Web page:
Also ask what skills/attributes they are looking for. Quite often they have specific things in mind that isn’t in the job description - there might be a particular skill set that they have on their desired that is more critical than others. This can then help you frame your criteria to get you in the room for an interview.

    Use the STAR model - Situation, Task, Action, Result - to shape your examples in the criteria. Like “customer complained, I had to investigate, I pulled files and sought advice, discovered an error and resolved for customer”. Try to use “I” statements - so if you were in a team that worked on a project, sell what you did - “we successfully delivered this project on time and I was responsible for all the documentation”.

    (Those are terrible examples but you should get the gist!!)

    If you get an interview, use different examples than what was in your criteria. Only use the ones from the criteria if you are expanding on it. Don’t be afraid to provide context to help them understand better. I’ve done 3 recruitment processes in the last 12 months and what let some good on paper candidates down was that they used the same examples and didn’t expand. They didn’t tell us anything new which made it seem like they didn’t have the relevant experience.

  5. The Following 2 Users Say Thank You to Pcos30 For This Useful Post:

    Green Cheese (24-01-2020),Kalina (24-01-2020)

  6. #4
    Join Date
    Sep 2010
    Posts
    3,190
    Thanks
    929
    Thanked
    2,595
    Reviews
    0
    Achievements:Topaz Star - 500 postsAmber Star - 2,000 posts
    Great advice from @Pcos30. It's been over 10 years since I was in the public service, but I agree with everything said above, particularly in relation to the advertising for a position. We would have people act in a role and then have to advertise it to make it permanent, they were almost always guaranteed the role.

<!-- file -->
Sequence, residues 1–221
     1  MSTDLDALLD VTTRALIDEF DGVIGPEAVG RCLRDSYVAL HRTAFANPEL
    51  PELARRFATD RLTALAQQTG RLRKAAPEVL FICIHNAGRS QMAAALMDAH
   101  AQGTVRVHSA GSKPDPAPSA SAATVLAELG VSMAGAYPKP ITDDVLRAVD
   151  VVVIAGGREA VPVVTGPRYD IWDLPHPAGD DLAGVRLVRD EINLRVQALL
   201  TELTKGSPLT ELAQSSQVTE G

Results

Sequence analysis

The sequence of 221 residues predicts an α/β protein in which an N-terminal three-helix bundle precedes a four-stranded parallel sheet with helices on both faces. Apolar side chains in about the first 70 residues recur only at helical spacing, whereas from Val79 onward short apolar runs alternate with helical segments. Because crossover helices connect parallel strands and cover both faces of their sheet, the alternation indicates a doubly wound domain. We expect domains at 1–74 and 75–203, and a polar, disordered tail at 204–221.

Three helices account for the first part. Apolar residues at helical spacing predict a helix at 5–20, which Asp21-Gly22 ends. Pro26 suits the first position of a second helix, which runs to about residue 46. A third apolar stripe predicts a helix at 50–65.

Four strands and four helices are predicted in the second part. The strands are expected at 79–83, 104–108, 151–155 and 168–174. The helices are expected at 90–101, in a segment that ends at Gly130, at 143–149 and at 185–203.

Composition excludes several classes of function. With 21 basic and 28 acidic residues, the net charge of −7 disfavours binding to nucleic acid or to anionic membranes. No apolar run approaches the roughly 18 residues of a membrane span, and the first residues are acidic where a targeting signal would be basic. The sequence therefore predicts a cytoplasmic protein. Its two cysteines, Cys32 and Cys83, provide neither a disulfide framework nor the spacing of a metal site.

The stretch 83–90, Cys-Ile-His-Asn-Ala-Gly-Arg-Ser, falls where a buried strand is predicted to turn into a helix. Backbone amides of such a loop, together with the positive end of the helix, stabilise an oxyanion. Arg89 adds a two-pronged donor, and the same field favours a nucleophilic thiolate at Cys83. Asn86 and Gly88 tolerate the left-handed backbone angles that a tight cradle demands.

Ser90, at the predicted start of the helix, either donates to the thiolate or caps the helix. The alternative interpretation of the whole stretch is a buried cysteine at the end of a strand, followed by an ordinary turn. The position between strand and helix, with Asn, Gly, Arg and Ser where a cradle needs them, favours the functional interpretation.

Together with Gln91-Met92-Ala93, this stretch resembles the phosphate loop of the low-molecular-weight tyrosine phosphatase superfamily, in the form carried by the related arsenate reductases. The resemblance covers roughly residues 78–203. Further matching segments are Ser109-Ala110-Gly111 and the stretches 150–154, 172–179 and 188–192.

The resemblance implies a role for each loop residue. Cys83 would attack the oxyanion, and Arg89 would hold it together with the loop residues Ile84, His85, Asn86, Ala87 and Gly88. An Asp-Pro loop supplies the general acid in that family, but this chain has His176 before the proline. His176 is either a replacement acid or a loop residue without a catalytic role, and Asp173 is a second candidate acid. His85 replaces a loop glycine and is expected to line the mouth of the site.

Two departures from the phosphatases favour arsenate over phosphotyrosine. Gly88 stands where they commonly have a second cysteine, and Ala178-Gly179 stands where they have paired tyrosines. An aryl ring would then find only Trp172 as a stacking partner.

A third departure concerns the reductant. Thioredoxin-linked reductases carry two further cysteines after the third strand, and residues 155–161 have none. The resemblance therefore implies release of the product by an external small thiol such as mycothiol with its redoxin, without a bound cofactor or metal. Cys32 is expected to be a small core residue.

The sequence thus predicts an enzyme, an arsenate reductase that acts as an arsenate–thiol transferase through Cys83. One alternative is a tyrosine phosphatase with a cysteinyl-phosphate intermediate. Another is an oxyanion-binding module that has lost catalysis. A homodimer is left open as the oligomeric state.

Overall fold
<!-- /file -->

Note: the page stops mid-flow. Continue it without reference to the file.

7. #5
    Join Date
    Jan 2012
    Posts
    11,220
    Thanks
    5,543
    Thanked
    6,905
    Reviews
    9
    Achievements:Topaz Star - 500 postsAmber Star - 2,000 postsAmethyst Star - 5,000 postsEmerald Star - 10,000 posts
    Thanks all for your advice. Responding to the selection criteria is so complex, I’m not even going to apply.


 

Similar Threads

  1. Good news for those who work in the community sector
    By MsMummy in forum News & Current Affairs
    Replies: 2
    Last Post: 07-09-2013, 18:45
  2. Private through the Public system?
    By RunningWithScissors in forum General Parenting Tips, Advice & Chat
    Replies: 17
    Last Post: 03-06-2011, 20:39
  3. working for the private sector-info needed.
    By CleverClogs in forum General Chat
    Replies: 5
    Last Post: 17-11-2010, 16:25
  4. Options for Public-Private sector collaboration in Cochin
    By zedin12 in forum Family Finances
    Replies: 0
    Last Post: 23-10-2010, 18:02

Posting Permissions

  • You may not post new threads
  • You may not post replies
  • You may not post attachments
  • You may not edit your posts

ADVERTISEMENT

ADVERTISEMENT

FEATURED SUPPORTER
Prams and StrollersLooking to buy a pram or stroller? :: Viewer reviews of prams :: Pram Buyers ...
FORUMS - chatting now ...

ADVERTISEMENT